By Yashaswini Swamynathan
U.S. stocks came off session lows late Monday morning as investors picked up beaten-down stocks after Wall Street tumbled following the withdrawal of President Donald Trump's healthcare reform bill. However, the Dow is on track for an eight-day losing streak as the failed bill raised questions about Trump's ability to push through with his economic agenda.Wall Street has rallied since November on bets that Trump's campaign promises of tax cuts and deregulation would sail through a Congress controlled by Republicans."This is the block in the Jenga game that at least topples part of the tower, but it's not to say that the game is over," said Robert Pavlik, chief market strategist at Boston Private Wealth. "I think a pullback to 2,273 on the S&P 500, which is the 100-day moving average, is likely but it will not stay there. I think people will use this as a buying opportunity."
At 11:05 a.m. ET (1505 GMT), the Dow Jones Industrial Average was down 114.27 points, or 0.55 percent, at 20,482.45, the S&P 500 was down 9.99 points, or 0.43 percent, at 2,333.99 and the Nasdaq Composite was down 18.86 points, or 0.32 percent, at 5,809.88.Financial stocks, which were the biggest beneficiaries of the post-election rally, were the worst hit. Bank of America was down 1.8 percent and Morgan Stanley 3.7 percent.
Goldman Sachs fell 2.3 percent, shaving 35 points off the Dow. The S&P 500 financial index was down 1.2 percent, far underperforming the other nine losers among the major S&P sectors.Shares of hospital operators, including HCA Holdings and Tenet Healthcare, rose on Monday, helping the S&P 500 healthcare sector to gain 0.2 percent.The dollar, which had found favor on the possibility of tax cuts and higher infrastructure spending, hit its lowest since Nov. 11, while prices of safe-haven gold shot up to one-month highs.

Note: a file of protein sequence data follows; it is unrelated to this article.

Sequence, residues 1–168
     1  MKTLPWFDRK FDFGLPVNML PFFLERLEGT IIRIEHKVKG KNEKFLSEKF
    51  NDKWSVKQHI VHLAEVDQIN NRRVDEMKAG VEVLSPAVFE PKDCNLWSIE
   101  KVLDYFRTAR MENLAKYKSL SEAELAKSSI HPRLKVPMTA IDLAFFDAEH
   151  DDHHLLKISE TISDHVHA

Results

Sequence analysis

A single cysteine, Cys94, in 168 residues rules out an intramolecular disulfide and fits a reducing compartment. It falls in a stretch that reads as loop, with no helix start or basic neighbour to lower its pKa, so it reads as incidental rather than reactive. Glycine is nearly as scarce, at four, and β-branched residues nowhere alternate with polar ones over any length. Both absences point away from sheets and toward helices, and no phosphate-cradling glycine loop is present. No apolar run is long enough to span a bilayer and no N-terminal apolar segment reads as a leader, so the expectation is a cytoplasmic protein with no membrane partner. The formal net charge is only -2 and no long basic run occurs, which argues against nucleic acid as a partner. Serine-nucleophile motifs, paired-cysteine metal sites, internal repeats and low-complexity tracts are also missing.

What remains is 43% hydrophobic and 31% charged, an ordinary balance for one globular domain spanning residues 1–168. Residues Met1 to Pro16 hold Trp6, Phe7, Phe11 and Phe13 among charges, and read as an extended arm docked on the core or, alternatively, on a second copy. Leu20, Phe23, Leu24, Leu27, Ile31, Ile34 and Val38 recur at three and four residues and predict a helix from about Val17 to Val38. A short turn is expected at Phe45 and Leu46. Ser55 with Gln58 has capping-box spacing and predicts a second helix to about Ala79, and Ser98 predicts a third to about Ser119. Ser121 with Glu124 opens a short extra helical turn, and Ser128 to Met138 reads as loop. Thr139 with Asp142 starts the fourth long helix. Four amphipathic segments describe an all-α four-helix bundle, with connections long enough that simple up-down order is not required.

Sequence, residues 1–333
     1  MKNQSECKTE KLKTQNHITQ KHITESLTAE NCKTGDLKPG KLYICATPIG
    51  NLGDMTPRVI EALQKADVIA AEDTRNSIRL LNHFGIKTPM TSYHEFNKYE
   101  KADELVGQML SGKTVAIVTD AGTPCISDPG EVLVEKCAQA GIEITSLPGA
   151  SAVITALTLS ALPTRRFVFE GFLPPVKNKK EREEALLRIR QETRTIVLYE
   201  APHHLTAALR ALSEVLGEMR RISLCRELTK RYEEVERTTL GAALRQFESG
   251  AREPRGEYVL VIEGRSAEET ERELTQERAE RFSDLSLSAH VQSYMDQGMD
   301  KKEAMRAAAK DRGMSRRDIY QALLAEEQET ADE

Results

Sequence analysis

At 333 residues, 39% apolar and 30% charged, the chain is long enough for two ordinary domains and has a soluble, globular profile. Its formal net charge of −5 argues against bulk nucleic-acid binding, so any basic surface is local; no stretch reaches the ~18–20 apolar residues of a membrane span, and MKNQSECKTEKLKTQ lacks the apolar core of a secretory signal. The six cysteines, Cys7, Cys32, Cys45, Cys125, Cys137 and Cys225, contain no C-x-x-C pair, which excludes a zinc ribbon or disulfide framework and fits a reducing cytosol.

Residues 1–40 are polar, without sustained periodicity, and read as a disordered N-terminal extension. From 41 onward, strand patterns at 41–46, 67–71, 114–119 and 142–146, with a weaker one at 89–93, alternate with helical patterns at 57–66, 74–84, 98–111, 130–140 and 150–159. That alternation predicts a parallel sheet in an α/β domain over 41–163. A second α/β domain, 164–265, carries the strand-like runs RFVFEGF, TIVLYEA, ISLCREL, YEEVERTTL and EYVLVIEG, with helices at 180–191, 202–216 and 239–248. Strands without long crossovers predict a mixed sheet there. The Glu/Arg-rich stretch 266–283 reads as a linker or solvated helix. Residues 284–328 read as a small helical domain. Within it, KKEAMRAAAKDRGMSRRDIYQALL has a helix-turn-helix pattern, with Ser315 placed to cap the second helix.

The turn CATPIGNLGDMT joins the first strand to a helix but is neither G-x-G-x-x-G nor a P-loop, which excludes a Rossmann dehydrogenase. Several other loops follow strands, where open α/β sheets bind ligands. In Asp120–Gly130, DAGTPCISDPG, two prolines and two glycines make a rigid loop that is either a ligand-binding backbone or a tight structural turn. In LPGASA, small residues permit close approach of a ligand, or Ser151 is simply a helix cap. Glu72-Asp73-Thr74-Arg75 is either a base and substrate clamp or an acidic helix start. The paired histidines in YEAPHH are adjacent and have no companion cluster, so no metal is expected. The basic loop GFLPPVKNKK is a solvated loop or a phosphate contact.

DuPont was up 0.7 percent and was the top stock on the Dow Jones Industrial Average after European regulators cleared its proposed merger with Dow Chemical. Dow Chemical was up 0.6 percent. Declining issues outnumbered advancers on the NYSE by 1,846 to 969. On the Nasdaq, 1,684 issues fell and 984 advanced.The S&P 500 index showed seven 52-week highs and six lows, while the Nasdaq recorded 28 new highs and 43 new lows. (Reporting by Yashaswini Swamynathan in Bengaluru; Editing by Anil D'Silva)
This story has not been edited by Firstpost staff and is generated by auto-feed.
Published Date: Mar 27, 2017 22:15 PM | Updated Date: Mar 27, 2017 22:15 PM